Deep south

Abby Seiff

Photograph: Richard Humphries

Flip a page, and a stationmaster waves a train out of a station. Flip again, and a trio of men chat over milky tea. Flip, and a boy jumps from a bridge, arms stretched out to catch the waning sun, wind ballooning his red swimming trunks.

Even in the midst of a long, drawn-out conflict, a war zone doesn’t always resemble one, as Richard Humphries deftly captures in Kingdom’s Edge — a photo book documenting more than a decade of daily life in Thailand’s deep south.

It has been thirteen years since insurgency broke out in the deep south, and martial law was instituted in the provinces of Pattani, Yala, Narathiwat and parts of Songkhla. Humphries — a British photojournalist based in Malaysia — has been photographing the area for nearly that long.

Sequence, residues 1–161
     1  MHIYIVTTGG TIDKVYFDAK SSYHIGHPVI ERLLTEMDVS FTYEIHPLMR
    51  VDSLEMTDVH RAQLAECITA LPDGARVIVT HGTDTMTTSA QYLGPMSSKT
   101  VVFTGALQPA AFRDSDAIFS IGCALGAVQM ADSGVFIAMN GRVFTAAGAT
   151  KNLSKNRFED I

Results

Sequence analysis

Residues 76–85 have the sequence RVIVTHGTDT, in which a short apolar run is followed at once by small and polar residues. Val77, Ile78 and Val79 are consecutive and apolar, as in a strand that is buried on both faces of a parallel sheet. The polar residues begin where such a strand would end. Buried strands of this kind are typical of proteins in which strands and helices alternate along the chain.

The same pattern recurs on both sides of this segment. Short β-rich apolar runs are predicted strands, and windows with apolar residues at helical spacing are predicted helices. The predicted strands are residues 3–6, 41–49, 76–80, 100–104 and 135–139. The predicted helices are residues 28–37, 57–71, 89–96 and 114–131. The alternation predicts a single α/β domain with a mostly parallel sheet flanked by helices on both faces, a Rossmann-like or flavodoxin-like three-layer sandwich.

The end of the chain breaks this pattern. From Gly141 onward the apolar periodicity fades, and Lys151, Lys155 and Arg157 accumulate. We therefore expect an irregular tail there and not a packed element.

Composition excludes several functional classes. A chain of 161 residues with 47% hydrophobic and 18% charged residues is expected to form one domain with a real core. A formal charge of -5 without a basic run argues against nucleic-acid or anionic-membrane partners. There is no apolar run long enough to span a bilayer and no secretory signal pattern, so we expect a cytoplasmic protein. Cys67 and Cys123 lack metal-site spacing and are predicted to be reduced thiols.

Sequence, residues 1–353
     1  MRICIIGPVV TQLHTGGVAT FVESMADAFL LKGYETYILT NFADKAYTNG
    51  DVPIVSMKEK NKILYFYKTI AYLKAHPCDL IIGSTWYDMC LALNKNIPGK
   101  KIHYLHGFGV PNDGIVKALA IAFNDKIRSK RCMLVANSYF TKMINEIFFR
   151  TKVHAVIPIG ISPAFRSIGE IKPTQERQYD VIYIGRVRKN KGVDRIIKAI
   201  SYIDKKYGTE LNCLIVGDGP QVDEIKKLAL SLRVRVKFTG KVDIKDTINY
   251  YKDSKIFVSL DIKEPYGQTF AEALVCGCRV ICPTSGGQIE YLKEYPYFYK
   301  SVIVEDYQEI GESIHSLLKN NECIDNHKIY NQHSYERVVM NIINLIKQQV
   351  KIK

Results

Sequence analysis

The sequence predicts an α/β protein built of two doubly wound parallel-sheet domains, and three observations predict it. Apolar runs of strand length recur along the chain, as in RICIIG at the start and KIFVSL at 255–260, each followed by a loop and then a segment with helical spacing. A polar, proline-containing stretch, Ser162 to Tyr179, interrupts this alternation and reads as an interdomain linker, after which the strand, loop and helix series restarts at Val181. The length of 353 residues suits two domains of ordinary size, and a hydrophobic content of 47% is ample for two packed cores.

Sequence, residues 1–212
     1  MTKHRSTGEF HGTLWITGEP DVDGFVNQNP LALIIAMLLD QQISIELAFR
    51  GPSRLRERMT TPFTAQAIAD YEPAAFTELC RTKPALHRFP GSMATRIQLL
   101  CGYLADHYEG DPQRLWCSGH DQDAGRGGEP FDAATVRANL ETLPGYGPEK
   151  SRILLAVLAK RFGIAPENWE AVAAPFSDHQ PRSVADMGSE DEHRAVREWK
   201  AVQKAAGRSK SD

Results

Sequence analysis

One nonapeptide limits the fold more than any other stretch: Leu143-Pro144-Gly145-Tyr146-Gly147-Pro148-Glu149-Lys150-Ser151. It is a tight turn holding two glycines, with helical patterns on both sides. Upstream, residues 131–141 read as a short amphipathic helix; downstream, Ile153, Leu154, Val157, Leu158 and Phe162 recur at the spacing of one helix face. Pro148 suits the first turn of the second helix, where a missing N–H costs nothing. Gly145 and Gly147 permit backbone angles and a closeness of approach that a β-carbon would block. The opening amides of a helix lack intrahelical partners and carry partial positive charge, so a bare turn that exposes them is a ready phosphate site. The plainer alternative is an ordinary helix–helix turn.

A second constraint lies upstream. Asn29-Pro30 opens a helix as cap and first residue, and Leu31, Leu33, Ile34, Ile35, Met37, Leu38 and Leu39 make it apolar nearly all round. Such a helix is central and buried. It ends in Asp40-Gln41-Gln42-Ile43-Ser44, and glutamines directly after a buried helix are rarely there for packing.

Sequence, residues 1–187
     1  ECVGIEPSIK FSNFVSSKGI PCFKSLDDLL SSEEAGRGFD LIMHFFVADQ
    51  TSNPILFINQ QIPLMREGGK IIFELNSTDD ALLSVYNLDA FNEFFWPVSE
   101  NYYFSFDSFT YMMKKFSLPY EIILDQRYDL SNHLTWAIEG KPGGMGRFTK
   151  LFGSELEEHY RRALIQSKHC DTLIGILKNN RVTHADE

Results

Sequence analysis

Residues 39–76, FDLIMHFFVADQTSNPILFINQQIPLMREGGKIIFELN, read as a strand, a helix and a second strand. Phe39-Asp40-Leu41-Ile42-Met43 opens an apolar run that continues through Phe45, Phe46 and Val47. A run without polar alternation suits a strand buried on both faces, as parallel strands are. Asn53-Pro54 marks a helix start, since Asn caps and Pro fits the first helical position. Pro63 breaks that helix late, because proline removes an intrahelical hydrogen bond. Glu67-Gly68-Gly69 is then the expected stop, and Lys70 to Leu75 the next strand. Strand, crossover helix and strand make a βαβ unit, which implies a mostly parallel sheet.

In those thirteen years, a slew of secretive, disjointed insurgent groups have carved a bloody path across the deep south. The Thai military, paramilitary, and vigilante groups have pushed back brutally and, at times, indiscriminately. Both sides have been accused of grave human rights violations. Since January 2004, more than 7,000 people have been killed and nearly 12,000 wounded. At the height of the conflict, the daily death rate was on a par with Afghanistan’s. Today, upwards of 65,000 members of the security forces are posted to the region, which resembles, in some areas, an occupied territory.

To read the rest of this article and to get access to all Mekong Review content, please purchase a subscription by clicking here.

Previous Article


Next Article

Too much democracy

More from the Mekong Review